Apache Trail

Arizona > Apache Trail

The Apache Trail, or AZ 88 as it is officially known, links Apache Junction at the edge of the Greater Phoenix area with Globe via Theodore Roosevelt Lake, through the Superstition Mountains and the Tonto National Forest; 40 miles of steep, winding and mostly unpaved road past magnificent scenery of twisted igneous mountains with dense forests of saguaro and ferocactus, and several deep blue lakes. Past the lakes, the trail continues in more traditional fashion to the former copper mining town of Globe, but it is the western half which is the most scenic and well-known; however caution is required when driving and it is not recommended for large RVs or caravans; the largest RV rental company in the US (Cruise America) does not allow their vehicles do be taken on this route.

Apache Trail map
Map of the Apache Trail

Old Mines

Driving eastwards along Main Street through Mesa, the hazy Superstition Mountains come slowly into view and it is a relief from the seemingly endless suburbia when the AZ 88 turn-off approaches. The first points of interest are Goldfield, supposedly a ghost town but now rather commercialised, and then the Lost Dutchman State Park - this has information about the varied stories and legends associated with the mountains, and in particular about the Lost Dutchman Mine which was supposedly a tremendously rich gold mine worked by a lone prospector but its location was lost upon his death. Nearby is the starting point for several trails leading into the Superstition Wilderness.

Canyon Lake

A few miles further, the trail begins to bend sharply as the land becomes steeper, and passes along the shores of Canyon Lake, one of four formed by damming the Salt River, the course of which runs right through Phoenix but is dry for most of the year. Several marinas and one RV site (which used to be quite cheap but 2010 rates appear to be from $25 upwards) provide some facilities - the sites tend to have a lot of mosquitoes but do offer free firewood when, and the location is next to a nice clean beach. The land around Canyon Lake is typical of the Tonto National Forest area - crumbling, distorted rock with steep cliffs and twisting ravines, without much covering vegetation but with several species of desert plants. Various lengthy foot-trails traverse the wilderness, leading to remote springs and canyons, such as Fish Creek and La Barge Canyon.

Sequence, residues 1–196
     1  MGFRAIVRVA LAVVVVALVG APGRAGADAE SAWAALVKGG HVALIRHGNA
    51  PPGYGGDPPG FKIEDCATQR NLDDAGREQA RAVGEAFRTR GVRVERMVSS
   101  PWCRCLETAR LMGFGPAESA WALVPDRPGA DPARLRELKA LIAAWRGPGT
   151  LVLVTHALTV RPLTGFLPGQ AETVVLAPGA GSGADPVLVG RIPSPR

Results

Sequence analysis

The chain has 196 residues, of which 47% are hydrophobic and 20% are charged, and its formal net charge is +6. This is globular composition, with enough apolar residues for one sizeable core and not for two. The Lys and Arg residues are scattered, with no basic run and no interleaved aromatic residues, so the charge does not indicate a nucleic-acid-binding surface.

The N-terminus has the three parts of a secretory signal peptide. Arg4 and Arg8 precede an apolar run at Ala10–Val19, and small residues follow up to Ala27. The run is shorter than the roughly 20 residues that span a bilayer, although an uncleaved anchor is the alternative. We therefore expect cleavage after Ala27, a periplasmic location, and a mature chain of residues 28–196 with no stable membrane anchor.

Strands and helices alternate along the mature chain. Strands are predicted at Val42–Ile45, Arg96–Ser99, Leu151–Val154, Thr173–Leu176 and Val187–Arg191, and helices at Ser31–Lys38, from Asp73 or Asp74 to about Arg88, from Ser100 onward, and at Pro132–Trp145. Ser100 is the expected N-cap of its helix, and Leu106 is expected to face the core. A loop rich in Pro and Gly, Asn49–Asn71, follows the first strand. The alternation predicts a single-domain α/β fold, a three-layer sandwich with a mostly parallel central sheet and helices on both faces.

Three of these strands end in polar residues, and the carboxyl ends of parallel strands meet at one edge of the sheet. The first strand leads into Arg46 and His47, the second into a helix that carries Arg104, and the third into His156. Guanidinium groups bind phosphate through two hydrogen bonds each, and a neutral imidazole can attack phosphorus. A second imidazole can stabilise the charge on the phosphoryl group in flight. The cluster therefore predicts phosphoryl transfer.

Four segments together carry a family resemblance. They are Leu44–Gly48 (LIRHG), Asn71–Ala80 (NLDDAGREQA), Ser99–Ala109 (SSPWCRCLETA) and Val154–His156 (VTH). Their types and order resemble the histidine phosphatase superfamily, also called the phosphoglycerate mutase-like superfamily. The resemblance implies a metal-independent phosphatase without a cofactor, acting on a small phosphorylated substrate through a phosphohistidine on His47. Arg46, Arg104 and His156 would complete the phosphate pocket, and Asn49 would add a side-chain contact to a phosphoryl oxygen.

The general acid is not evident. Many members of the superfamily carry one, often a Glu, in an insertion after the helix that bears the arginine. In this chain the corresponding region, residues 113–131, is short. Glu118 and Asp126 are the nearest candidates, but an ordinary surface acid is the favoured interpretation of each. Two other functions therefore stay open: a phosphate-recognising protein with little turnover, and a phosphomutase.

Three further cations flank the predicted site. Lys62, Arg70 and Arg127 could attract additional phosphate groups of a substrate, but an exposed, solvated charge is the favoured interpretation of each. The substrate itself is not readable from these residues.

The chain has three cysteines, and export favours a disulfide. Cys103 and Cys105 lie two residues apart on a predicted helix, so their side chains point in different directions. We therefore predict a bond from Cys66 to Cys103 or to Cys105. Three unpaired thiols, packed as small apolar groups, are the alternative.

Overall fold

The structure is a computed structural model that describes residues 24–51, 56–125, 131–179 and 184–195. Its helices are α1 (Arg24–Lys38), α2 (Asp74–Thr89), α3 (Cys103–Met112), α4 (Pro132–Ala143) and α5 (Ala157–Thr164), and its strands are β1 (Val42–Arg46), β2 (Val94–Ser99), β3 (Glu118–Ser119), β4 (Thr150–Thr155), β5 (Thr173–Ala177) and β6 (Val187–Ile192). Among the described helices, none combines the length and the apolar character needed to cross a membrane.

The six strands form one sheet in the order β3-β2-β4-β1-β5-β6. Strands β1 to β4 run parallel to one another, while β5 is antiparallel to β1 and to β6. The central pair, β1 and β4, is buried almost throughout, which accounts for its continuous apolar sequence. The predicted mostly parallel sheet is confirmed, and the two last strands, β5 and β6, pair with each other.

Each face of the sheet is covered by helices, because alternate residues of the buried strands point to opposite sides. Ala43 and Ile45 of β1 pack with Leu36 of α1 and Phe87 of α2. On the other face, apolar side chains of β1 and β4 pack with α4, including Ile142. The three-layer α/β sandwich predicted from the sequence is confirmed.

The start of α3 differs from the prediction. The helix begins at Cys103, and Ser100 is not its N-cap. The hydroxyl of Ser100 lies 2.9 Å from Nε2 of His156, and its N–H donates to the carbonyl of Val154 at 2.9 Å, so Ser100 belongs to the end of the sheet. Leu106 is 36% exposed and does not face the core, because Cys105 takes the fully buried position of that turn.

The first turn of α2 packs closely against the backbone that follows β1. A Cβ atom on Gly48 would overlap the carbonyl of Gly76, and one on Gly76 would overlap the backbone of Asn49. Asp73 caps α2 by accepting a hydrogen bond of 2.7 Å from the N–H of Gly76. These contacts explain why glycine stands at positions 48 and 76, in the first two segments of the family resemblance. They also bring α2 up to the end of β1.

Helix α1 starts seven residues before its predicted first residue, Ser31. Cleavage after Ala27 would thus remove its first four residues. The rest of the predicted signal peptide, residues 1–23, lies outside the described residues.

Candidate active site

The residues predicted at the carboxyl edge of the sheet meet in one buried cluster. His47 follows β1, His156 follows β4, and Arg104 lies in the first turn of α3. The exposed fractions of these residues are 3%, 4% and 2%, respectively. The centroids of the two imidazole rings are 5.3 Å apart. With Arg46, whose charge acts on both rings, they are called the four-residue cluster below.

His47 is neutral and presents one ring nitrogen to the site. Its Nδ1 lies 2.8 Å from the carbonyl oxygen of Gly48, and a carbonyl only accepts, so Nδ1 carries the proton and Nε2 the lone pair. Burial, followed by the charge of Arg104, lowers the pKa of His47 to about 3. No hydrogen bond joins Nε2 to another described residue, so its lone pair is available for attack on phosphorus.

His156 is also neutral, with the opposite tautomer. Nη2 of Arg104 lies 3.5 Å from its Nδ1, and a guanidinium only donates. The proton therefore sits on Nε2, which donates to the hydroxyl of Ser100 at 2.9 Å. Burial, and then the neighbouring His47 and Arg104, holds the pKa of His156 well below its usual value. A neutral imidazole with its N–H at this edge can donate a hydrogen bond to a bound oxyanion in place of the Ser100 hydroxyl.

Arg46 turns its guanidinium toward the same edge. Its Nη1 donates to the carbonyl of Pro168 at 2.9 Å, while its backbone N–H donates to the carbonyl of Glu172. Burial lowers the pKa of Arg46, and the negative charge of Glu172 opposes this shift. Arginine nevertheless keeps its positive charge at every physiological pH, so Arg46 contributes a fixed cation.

Theodore Roosevelt Dam

Continuing east, the old-west style settlement of Tortilla Flat (population 6!) is reached - this has various ancient mining and agricultural relics, and an interesting curio shop decorated with mementos from the many visitors who have passed through over the years. The road fords Tortilla Creek - a crossing that may be closed during high water levels - then soon after, the paved section ends and a narrow gravel track continues for a further 28 miles above the larger Apache Lake, to which access is more limited, and eventually to the Theodore Roosevelt Dam - this was built of bricks in 1911 and remains the world's largest masonry dam at almost 300 feet tall. It is a major element of the Salt River Project which has facilitated the expansion of Phoenix and its environs. The dam seems to be in a state of continuous repair or alteration.